The United States Postal Service (USPS) predates the U.S. Constitution, owing its origin to the Second Continental Congress, which appointed Benjamin Franklin to be a salaried Postmaster on July 26, 1775. His mission was to establish a postal service from Falmouth [Massachusetts] to Savannah [Georgia]. A postal service was understood to be an essential function for a national means of communicating among the new, united colonies and embedded subsequently in the U.S. Constitution [Art. I, Sec. 8].
For over 230 years until 2006, the USPS enjoyed a quiet and respected reputation as an organization fulfilling its mission. In that year, Congress passed the Postal Accountability and Enhancement Act (LOL). Among other things, the legislation required the USPS to pre-fund in full its retirement and health benefits for employees, ensuring that the agency would suffer annual deficits. The act was introduced by Tom Davis (R-VA). Over the last few decades, the agency had begun to attract critics among libertarians who perceived its commerce as contrary to the free market and small government that conservatives seek, to shrink the entity—mostly because of its size and employment of an army of unionized personnel.
Commentators and critics observed that the requirement to pre-fund in full and into the future retirement benefits was an obligation unknown in business practice, and unique to the USPS.
Then, the USPS met Amazon and all hell broke loose. Amazon’s CEO is Jeff Bezos, who also owns the Washington Post, which has relentlessly covered the antics of the current administration. In a tweet on 04/03/18, the President stated:
I am right about Amazon costing the United States Post Office massive amounts of money for being their Delivery Boy. Amazon should pay these costs (plus) and not have them bourne [sic] by the American Taxpayer. Many billions of Dollars. P.O. leaders don’t have a clue (or do they?)!
Further marshaling the authority of the Oval Office, on 04/13/18, the President issued an Executive Order to create a task force to study USPS operations citing, among other points:
…legal mandates that compel the USPS to incur substantial and inflexible costs, have resulted in a structural deficit [emphasis added].
And so, the accountability and enhancement in the 2006 legislation has a self-fulfilling prophecy. The USPS has registered its own view on its performance and operations (12 items) on its website. Here are the twelve items, in reverse order:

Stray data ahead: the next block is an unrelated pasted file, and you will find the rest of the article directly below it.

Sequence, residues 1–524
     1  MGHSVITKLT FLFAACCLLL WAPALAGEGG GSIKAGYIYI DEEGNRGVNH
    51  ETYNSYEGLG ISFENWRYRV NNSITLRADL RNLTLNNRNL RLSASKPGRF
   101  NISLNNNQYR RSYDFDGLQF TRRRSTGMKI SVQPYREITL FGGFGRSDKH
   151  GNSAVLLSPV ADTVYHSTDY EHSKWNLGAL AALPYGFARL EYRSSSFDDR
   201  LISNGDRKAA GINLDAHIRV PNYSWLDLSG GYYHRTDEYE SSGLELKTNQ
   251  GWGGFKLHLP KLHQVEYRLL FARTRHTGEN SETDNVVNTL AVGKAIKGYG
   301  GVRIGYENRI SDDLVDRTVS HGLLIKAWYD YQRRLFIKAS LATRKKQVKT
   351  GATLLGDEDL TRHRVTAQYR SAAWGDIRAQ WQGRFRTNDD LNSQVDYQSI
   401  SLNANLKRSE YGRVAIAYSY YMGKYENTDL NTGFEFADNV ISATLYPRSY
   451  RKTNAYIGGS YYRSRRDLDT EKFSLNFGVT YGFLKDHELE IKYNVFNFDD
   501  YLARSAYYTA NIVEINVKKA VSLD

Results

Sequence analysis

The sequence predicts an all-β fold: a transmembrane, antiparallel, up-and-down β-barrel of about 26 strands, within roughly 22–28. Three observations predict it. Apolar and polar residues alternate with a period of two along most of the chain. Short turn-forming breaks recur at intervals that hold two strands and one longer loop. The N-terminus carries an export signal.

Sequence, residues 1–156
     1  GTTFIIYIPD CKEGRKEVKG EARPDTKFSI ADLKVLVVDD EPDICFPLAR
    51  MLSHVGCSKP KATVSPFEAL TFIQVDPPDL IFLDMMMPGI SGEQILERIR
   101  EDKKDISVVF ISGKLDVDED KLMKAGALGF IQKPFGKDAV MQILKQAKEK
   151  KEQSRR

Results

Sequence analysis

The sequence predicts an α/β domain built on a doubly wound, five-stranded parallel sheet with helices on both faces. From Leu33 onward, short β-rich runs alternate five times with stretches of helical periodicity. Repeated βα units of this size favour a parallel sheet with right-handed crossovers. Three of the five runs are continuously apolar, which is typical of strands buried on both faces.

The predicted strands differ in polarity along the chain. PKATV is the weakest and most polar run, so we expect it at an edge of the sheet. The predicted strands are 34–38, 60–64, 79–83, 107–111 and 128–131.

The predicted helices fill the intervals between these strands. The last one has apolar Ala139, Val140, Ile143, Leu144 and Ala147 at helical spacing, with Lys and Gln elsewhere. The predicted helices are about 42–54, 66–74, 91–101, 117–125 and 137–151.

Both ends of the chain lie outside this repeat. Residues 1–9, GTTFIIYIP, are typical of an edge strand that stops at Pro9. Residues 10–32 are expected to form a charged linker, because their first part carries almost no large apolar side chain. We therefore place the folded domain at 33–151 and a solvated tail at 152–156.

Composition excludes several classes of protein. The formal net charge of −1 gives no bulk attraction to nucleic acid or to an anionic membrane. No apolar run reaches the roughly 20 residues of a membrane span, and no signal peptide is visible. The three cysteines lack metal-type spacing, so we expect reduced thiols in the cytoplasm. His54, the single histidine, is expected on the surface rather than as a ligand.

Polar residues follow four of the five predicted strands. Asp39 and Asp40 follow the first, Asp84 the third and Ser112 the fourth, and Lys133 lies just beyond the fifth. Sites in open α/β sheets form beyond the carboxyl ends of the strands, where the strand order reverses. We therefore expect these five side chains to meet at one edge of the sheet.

Social Responsibility. From facilitating the nation’s largest one-day food drive to addressing dog bites, educating customers on consumer protection and delivering holiday cheer to those in need, the Postal Service supports communities.
Veterans. The Postal Service employs more than 105,000 military veterans. USPS also has issued more than 140 stamps honoring the nation’s military history.
All Heart. The Postal Service is the core of the $1.4 trillion U.S. mailing industry that employs more than 7.5 million people.
Heroes. Postal employees regularly go beyond the call of duty to protect the lives of customers they serve, including older and disabled customers through the Carrier Alert Program. In fiscal year 2017, the Postal Service recognized 318 heroic employees.
Retail Giant. The Postal Service has the nation’s largest retail network—bigger than McDonald’s, Starbucks and Walmart combined, domestically.
Global Business. The Postal Service processes and delivers 47 percent of the world’s mail and is constantly innovating to make customer experiences better.
Vehicles. The Postal Service has more than 230,000 vehicles, one of the larges civilian fleets in the world. Next-generation vehicles will have improved ergonomics, safety features, fuel efficiency and design flexibility.
Competition and Collaboration. The Postal Service both competes and collaborates with the private sector. UPS and FedEx pay the Postal Service to deliver hundreds of millions of their ground packages, and USPS pays UPS and FedEx for air transportation.
Affordability. For 50 cents, anyone can send a letter, regardless of geographic location, to anywhere in the United States.
Dependable. The Postal Service is the only organization in the country that has the resources, network infrastructure and logistical capability to regularly deliver to every residential and business address in the nation.
Security. U.S. Mail is protected by more than 200 federal laws enforced by the Postal Inspection Service, one of the nation’s oldest law enforcement agencies.
And most importantly…
Zero tax dollars used. The Postal Service receives NO tax dollars for operating expenses and relies on the sale of postage, products and services to fund its operations.
Readers can make up their own minds.
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